In 1984, Stanford Economics Professor Ezra Solomon famously quipped, “The only function of economic forecasting is to make astrology look respectable.” Though intended as a jab at other economists, Solomon’s claim also spoke to a growing trend in market prediction – the application of astrological tools and methods to financial forecasting. Financial astrology, popularly known as “market gazing,” did indeed gain respectability over the past half century. As Solomon suggested, the failures of economists to predict the behaviors of markets undoubtedly played a role in that process. But the rise of astrology in the field of finance can be linked to other historical contexts as well. This talk offers a brief history of the astrology of money and markets in the United States, from the Gilded Age to the present. Special emphasis will be placed on the past 40-50 years, and linkages between the growing popularity of financial astrology and market rationality in a neoliberal era. >>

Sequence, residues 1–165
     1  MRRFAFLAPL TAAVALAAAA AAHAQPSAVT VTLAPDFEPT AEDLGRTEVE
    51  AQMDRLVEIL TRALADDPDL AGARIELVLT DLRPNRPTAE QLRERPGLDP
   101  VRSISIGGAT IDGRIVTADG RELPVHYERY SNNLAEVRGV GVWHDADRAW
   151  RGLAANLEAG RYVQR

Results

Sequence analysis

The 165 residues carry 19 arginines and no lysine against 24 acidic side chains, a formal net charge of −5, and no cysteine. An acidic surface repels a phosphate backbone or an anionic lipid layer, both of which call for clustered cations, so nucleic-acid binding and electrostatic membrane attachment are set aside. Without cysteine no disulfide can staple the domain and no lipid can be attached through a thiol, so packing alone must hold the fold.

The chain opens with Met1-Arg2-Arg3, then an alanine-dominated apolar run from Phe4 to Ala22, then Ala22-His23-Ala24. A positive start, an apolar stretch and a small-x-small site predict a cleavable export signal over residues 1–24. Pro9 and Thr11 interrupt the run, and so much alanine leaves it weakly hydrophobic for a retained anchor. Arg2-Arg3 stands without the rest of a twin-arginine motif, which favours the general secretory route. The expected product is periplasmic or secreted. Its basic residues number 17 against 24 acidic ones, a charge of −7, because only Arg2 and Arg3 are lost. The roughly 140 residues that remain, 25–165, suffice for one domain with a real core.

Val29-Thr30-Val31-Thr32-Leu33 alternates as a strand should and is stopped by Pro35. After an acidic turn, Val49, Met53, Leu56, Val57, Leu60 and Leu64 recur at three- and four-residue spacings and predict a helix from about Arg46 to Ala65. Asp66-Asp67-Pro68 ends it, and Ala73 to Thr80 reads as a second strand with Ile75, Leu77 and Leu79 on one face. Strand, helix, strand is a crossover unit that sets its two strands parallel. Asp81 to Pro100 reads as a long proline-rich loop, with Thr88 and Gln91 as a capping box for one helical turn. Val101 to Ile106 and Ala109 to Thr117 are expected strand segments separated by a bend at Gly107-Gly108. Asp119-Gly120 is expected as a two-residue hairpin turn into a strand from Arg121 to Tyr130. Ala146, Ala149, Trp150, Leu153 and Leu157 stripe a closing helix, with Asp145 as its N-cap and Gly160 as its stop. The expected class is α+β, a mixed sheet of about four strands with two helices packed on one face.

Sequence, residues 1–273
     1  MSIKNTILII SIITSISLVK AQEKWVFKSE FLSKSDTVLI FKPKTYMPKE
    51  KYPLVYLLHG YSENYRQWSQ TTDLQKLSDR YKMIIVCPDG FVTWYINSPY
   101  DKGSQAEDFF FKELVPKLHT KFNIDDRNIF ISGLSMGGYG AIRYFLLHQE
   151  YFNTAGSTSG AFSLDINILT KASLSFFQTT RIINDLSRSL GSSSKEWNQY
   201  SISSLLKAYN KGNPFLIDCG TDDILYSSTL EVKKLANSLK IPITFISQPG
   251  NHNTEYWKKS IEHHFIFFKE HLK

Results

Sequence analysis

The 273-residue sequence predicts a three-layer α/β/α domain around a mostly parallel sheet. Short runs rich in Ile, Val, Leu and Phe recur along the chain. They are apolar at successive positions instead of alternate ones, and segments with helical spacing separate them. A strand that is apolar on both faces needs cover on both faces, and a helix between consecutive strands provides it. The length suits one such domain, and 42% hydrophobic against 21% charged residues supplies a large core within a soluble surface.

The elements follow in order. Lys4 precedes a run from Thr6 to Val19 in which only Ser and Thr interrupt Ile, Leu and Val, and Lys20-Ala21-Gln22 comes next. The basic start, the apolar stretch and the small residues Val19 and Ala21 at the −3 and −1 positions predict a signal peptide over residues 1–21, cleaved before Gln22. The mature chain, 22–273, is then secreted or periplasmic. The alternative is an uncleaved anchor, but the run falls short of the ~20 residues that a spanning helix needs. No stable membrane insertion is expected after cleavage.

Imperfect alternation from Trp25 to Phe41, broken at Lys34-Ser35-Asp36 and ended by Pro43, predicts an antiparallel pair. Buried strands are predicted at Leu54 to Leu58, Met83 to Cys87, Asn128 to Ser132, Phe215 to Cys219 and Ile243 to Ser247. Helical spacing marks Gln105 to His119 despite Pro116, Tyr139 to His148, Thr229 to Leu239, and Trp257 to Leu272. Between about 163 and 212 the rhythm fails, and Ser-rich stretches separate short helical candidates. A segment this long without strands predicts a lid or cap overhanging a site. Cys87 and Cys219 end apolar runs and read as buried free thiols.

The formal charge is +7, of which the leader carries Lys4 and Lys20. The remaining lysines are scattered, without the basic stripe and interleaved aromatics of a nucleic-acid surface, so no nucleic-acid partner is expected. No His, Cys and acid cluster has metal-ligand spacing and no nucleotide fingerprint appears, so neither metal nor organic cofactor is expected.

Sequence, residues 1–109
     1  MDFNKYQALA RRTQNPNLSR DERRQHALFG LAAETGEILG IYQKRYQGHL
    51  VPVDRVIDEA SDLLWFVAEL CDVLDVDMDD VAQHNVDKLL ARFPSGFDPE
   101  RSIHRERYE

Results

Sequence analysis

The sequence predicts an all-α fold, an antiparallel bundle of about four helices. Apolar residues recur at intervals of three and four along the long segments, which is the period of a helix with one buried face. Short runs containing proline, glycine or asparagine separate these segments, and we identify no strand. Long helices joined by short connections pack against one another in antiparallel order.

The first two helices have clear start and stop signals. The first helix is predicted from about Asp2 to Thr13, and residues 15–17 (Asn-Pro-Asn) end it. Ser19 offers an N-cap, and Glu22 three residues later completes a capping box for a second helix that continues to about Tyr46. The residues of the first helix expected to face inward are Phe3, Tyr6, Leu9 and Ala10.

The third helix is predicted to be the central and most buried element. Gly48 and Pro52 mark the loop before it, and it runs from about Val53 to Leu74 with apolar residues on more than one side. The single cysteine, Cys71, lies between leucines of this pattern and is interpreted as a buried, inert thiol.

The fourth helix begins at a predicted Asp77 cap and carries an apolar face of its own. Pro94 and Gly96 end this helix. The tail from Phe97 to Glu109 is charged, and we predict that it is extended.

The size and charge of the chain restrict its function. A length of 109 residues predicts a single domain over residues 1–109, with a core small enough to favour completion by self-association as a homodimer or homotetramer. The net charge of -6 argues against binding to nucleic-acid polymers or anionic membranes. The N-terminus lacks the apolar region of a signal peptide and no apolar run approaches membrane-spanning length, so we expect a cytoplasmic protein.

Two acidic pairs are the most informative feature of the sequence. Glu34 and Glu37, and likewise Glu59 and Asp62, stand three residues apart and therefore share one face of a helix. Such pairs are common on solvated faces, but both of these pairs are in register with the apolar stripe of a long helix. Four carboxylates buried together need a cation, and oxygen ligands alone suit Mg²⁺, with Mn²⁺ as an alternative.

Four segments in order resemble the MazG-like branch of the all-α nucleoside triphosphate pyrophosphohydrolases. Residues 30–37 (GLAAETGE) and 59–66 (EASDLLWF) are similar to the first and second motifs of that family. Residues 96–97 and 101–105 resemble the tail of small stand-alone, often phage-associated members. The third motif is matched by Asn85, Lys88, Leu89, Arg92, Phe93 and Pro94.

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“An imitator shares his crown, if he has one, with the chosen object of his imitation,” the poet Edward Young declared in 1759, “an original enjoys an undivided applause.” But just where does one locate originality, and how does one determine its relationship to artistic merit and value? Over the past few decades, several developments have called the very notion of originality into question. Postmodern thought has relegated it to one among many creative paradigms — think only of the practices of interpreting Jazz standards and of sampling. Moreover, there is the stockpile of knowledge (two centuries of critical editions, often state-supported) and its explosion into the everyman’s land of Google. In moving books and manuscripts into an endlessly searchable, domestic platform, the digital revolution has likewise created new forms of knowledge and expertise. This proliferation has created brought forth “algorithmic divination,” (Freedgood), i.e. new forms of reading and other scholarly practices that unearth various unsuspected lineages of, and connections between, works. Indeed, modern scholars frequently have access to a richer and deeper range of primary sources than would the authors have had themselves. Taking these materials and tools into consideration thus offers a prime opportunity for a reassessment of musical creation and creativity in the distant past. This panel examines originalities in musical cultures from the fourteenth through eighteenth centuries, while turning a critical eye from the dawn of the digital age toward scholarly creations of musical pasts. Each contribution opens questions about the paradox of modern musicology, at a moment when it has become possible for scholars to establish more thorough textual contents than might even have been available--or even desirable--to the creators whom they study. Eric Bianchi (Fordham) will examine Charles Burney’s writings on musical borrowing against the tension between his own covert indulgence in textual borrowing and careful cultivation of his literary reputation; Ellen Rosand (Yale) will consider Francesco Cavalli’s self-borrowings and the distorting effects of too much scholarly knowledge, and Michael Cuthbert (MIT) will discuss how new digital tools can uncover patterns of transmission and borrowing in medieval music. >>